Ryan Harris has been the most consistent bowler in the attack, mixing an immaculate line and length with that ¼ bat movement off the deck and through the air that enables bowlers to extract wickets via catches behind the bat. Unfortunately his knees and body have regularly let him down and are not capable of enduring the stress needed to shoulder the responsibility of a heavy workload; placing question marks over his ability to play back to back tests on short rest. Trent Copeland provides the side with a metronome like figure, able to hold up an end by employing the age old method of attempting to hit the top of off stump with every delivery, unfortunately this tactic will not bring large hauls and is only useful if a spearhead is getting among the batsmen at the other end. Nathan Lyon provided the selectors with a ray of light in regards to the revolving door that is Australia’s spin attack; picking up five wickets on debut. However he is a work in progress, the five wicket haul coming on a dust bowl in Galle and he only took 3 more wickets for the series. Finding ways to take wickets and bowl Australia to victory, especially in second innings efforts, are a must if he is to cement a place in the side. Victorian paceman, Peter Siddle,  for all his aggression and effort, remains an honest toiler at best ;a test match average of 31.26 is far from what is needed out of a frontline paceman. If he gets accommodating pitches to bowl on then Siddle could trouble the Indians and New Zealanders with shorter pitched deliveries, but he must not rely solely on aggression and intimidation, when was the last time that worked on someone like Tendulker! The big question of the summer is if selectors decide to take a punt and give New South Wales quick Pat Cummins a Test cap; early reports are that the 18 year old is capable of genuine pace and can move the ball both ways, it will be interesting to see if selectors decide to go with a safe pick in Siddle or go for the high risk, high ceiling option in Cummins. Shane Watson will also be a factor in this equation, having shouldered an increased workload in Sri Lanka and providing valuable wickets, injury is always a concern with the all rounder; as the responsibility of bowling long spells and opening the batting is a difficult proposition for any player.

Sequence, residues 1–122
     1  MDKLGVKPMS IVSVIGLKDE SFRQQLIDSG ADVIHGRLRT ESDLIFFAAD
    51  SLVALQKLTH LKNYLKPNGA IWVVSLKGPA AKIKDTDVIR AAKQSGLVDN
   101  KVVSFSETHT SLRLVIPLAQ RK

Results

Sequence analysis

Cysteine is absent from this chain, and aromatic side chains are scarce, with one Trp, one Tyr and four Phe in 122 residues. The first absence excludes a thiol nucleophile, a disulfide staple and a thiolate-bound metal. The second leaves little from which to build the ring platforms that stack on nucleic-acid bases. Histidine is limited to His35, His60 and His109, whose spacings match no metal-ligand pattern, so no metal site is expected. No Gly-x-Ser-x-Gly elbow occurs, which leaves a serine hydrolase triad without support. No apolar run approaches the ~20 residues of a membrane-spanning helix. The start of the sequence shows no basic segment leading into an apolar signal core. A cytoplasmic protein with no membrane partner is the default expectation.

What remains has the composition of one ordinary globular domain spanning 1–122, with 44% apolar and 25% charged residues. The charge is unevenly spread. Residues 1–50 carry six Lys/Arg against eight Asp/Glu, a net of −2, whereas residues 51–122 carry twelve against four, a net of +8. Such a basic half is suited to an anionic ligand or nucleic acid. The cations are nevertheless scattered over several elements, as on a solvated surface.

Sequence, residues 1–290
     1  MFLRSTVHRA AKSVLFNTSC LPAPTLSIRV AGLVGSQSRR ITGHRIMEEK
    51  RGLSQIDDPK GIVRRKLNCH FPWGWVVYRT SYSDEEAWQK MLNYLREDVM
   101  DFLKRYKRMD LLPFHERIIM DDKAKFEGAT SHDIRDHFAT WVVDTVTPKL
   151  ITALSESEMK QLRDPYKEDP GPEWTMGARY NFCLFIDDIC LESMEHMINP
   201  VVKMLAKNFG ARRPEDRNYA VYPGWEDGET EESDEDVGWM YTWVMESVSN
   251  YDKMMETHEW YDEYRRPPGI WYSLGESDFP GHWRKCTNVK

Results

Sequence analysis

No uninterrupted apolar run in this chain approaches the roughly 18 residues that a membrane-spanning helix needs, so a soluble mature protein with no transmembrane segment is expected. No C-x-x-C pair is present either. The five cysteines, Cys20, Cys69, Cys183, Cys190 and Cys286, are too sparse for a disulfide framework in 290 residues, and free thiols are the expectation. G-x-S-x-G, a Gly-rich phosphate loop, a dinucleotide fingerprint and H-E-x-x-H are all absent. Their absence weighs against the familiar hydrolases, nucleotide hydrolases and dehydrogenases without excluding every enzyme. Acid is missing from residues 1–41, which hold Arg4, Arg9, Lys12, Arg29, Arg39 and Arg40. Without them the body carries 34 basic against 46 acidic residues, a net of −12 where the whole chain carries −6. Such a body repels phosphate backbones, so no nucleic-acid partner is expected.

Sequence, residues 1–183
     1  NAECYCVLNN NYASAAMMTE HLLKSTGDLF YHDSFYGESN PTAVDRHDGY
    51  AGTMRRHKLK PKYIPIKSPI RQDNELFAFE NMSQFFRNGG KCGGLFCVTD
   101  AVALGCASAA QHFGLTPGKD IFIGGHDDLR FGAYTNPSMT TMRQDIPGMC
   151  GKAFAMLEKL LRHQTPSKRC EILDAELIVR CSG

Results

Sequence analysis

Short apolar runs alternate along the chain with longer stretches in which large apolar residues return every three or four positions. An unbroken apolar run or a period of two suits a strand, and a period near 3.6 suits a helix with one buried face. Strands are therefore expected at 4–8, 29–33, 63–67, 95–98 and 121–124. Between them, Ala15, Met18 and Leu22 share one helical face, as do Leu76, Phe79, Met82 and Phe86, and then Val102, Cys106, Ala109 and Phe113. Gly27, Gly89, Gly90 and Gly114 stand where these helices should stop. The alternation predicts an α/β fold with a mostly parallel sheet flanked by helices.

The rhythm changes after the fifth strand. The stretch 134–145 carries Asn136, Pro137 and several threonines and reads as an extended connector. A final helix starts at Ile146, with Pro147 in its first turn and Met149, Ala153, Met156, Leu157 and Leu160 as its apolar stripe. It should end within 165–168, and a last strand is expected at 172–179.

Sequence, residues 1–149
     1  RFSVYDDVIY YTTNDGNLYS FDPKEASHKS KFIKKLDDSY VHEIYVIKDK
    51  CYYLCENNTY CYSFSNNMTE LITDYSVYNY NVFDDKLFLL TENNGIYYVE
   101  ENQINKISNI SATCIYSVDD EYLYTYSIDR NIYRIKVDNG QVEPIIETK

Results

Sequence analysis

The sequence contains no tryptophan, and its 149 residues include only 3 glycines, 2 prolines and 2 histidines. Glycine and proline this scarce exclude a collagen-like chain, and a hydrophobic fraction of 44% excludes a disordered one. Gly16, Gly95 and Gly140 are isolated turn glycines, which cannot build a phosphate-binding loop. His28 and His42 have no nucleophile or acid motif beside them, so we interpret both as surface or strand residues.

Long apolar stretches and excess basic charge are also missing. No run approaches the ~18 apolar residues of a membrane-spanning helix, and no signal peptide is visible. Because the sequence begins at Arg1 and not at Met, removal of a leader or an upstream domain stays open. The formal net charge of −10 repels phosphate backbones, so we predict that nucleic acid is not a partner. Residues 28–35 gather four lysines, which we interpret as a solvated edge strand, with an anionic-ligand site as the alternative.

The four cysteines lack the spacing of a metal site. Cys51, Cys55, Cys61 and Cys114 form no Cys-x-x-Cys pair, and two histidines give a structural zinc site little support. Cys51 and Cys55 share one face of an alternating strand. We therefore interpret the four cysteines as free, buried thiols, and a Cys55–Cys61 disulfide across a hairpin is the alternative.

3. Will Watson Continue As Opener.

It cannot be denied that the Queenslanders promotion to the opening spot has been a mildly successful experiment as he has provided the side with a consistent run scorer at the top of the order. However if Australia are to get the full benefit out of Watson “the all-rounder” then a shuffling of the batting order must occur; nineteen times past fifty, in Test cricket, has only seen a return of two centuries, this is not the conversion rate of an out and out opener and Watsons talent and fluid stroke play would be better harnessed at number six.  Shaun Marsh’s technique and mentality seem to me a perfect fit for the position; he possesses the ability to occupy the crease for extended periods, has shots all around the ground and would be a perfect foil to Phil Hughes’s extravagance at the other end. This option would also free Watson up to bowl more overs, providing captain Michael Clarke with a backup plan if the likes of Johnson and company fail, he has shown an ability to consistently move the ball through the air, being the one Australian bowler to constantly reverse the ball and his value on pitches with slight variance in bounce is not to be dismissed as he is able to maintain line and length by bowling stump to stump picking up many of his wickets via L.B.W and bowled.

4. How Long Can Ponting Retain His Position

Ricky Ponting has been Australia’s greatest batsmen since Don Bradman, but the last two years has seen a significant drop in the prolific run scorer’s contributions; two hundreds and a batting average of just 35.57 in the last three years is a meagre return for any test number three and a significant drop in the Tasmanian’s previous output. Usman Khawaja looked solid, without setting the world on fire when called upon last summer and would be the obvious choice as Ponting’s replacement. If the former captain fails to make big scores against New Zealand then pressure will be right on the selectors to ring changes and continue a policy of injecting youth into the side. With captaincy now a non issue Ponting should be free to focus purely on his batting; but if the runs do not come then Australians may be seeing the last of one of the all time greats of the game.